Function of the iris

The Function of the iris resembles the one Camera shutter. It encloses the pupil and certainly their diameter. Only the portion of the light that hits the pupil can reach the retina. Is the Iris set wide, a lot of light comes in, whereby sufficient exposure of the retina is still possible even in poor light conditions. However, the additional incident light makes the perceived image blurred. The reason for this is that the light is less bundled due to the larger opening. The depth of field decreases when the iris is wide. This means that the area in which the image is perceived as being in focus becomes smaller.

It is the other way around with one severely narrowed iris. Due to the smaller opening, light bundles fall less extensively into the eye. At the same time, less light reaches the eye overall, which makes the perceived image appear darker. The depth of field is shallower.

The The size of the iris becomes unconscious in humans about the autonomic nervous system controlled. Arbitrary control of the pupil width is therefore not possible. The width of the pupil is determined by the Lighting conditionswho looked at picture and ours emotional state certainly. If you want to look at an object up close, the pupil is narrowed, which increases the sharpness. On the other hand, if you look into the distance, the pupil is slightly widened so that more light can enter the eye. Even in the dark, the pupil is made wider, so that more light reaches the retina.

The iris can do that Amount of incident light by a factor of about ten to twenty change. Every day, however, the eye is confronted with significantly greater changes in lighting conditions (up to a factor of 1012). Therefore, further processes on the retina are necessary. This becomes clear in the morning after waking up. If you look into the bright light shortly afterwards, it blinds you. The pupil reacts to the new light conditions within milliseconds and becomes narrow. Since this is not enough on its own, the glaring light perception remains somewhat. Further processes on the retina are necessary until the eye is used to the bright light.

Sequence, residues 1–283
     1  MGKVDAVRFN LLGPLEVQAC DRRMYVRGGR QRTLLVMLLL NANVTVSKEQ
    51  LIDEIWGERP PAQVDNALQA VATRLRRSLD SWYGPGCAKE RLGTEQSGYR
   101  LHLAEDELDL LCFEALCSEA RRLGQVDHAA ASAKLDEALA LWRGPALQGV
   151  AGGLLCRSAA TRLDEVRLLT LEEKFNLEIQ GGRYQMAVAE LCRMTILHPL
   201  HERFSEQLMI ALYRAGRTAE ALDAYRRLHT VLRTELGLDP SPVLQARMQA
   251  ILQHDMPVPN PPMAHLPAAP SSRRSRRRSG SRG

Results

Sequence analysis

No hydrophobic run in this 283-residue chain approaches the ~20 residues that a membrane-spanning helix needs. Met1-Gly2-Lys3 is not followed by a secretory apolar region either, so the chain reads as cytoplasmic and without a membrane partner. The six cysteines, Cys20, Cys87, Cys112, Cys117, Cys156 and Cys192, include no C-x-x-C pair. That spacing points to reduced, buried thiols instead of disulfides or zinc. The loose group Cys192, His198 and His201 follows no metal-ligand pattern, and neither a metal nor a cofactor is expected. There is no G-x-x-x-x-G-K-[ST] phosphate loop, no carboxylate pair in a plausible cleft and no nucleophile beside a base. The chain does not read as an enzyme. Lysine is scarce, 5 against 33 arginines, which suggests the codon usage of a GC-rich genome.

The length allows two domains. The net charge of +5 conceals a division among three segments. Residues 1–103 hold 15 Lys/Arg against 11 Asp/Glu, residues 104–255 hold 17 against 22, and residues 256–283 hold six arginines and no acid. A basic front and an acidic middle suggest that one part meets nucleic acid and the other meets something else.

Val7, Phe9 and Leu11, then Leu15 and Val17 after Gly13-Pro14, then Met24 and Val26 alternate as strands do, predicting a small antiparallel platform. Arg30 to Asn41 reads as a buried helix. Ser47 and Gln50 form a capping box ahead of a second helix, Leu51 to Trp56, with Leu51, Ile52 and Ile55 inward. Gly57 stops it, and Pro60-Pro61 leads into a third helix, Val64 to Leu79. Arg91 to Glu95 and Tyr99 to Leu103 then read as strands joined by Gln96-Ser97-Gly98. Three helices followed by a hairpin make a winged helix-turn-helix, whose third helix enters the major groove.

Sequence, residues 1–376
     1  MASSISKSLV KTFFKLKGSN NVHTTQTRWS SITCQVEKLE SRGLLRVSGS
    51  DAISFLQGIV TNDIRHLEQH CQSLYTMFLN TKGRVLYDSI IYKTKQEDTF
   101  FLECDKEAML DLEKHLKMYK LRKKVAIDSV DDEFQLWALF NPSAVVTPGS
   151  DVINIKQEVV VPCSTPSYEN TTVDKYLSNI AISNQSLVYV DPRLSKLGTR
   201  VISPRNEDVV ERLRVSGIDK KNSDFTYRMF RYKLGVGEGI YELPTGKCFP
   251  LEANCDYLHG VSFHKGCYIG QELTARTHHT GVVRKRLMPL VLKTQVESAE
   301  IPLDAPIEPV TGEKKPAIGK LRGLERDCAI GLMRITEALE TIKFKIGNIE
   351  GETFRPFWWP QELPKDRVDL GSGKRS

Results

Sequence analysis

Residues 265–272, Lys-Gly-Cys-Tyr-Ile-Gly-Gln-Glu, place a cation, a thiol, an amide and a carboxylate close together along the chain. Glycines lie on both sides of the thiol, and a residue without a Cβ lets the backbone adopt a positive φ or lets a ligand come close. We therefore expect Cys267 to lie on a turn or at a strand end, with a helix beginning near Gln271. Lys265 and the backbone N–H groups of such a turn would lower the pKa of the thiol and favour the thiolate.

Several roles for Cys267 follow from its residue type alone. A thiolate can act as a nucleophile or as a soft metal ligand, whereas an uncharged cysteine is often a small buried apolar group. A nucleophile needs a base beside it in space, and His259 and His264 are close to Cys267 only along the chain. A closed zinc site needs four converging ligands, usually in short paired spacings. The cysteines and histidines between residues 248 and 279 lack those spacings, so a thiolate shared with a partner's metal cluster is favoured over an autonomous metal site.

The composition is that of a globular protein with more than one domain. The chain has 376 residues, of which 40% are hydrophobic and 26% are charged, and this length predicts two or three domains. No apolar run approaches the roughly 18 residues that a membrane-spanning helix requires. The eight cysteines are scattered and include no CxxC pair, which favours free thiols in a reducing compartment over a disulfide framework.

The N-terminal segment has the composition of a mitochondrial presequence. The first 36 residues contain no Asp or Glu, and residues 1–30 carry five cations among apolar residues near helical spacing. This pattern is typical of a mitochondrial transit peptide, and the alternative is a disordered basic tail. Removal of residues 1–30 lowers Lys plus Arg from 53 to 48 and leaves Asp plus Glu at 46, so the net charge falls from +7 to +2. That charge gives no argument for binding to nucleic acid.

Also ours State of mind has an impact on the iris. The part of the autonomic nervous system that is responsible for dilating the pupil is mainly in emotionally exciting situations activated. Its messenger substances are adrenaline and noradrenaline. In exciting moments, the pupil therefore appears wide. The typical “bedroom view” is also created by widening the pupils when looking at a loved one.

How does the color of the iris come about?

The Color of the iris is through the dye Melanin certainly. This dye is used in Eyes and skin as light protection. Melanin is brownish in color and absorbs incident light. Humans do not produce a pigment of a different color. Originally therefore probably had all people initially have brown eyes.
Different colored eyes appear when im Eye less melanin is produced. Incoming light is scattered by tiny particles in the now more transparent iris. This is known as the Tyndall effect. The strength of the scattering depends on the wavelength of the light. Blue light has a particularly short wavelength and is therefore more strongly scattered than red light. Part of the scattered light is reflected. This makes the eye appear blue. It is similar with green eyes.
So the eye color depends not just the pigmentation, but also on the microscopic properties of the iris from. Since eyes of different colors are still very young in evolution, 90% of people worldwide have brown eyes. Green eyes are only represented in 2% of the world's population.


In the Heterochromia differs the Color of the iris of one eye is different from the color of the other eye. Sectoral heterochromia is also possible. Here is just a section of an iris affected. The cause is usually poor pigmentation in one of the eyes.
Since the eye color is genetic, the heterochromia can also be triggered by genetic causes. Often these are harmless variations. However, in addition to the harmless cases of heterochromia, there are also genetic diseases. These include certain pigmentation disorders. In the hereditary Waardenburg syndrome, there is one congenital heterochromia associated with hearing loss. However, heterochromia can also appear as a symptom of various diseases in the course of life.
Inflammation of the iris or adjacent tissues can cause depigmentation of the affected eye. Such inflammation of the iris can also spread to the lens. If this happens, the Cloud the lens, one speaks of grey star. A newly occurring heterochromia should therefore be examined by an ophthalmologist.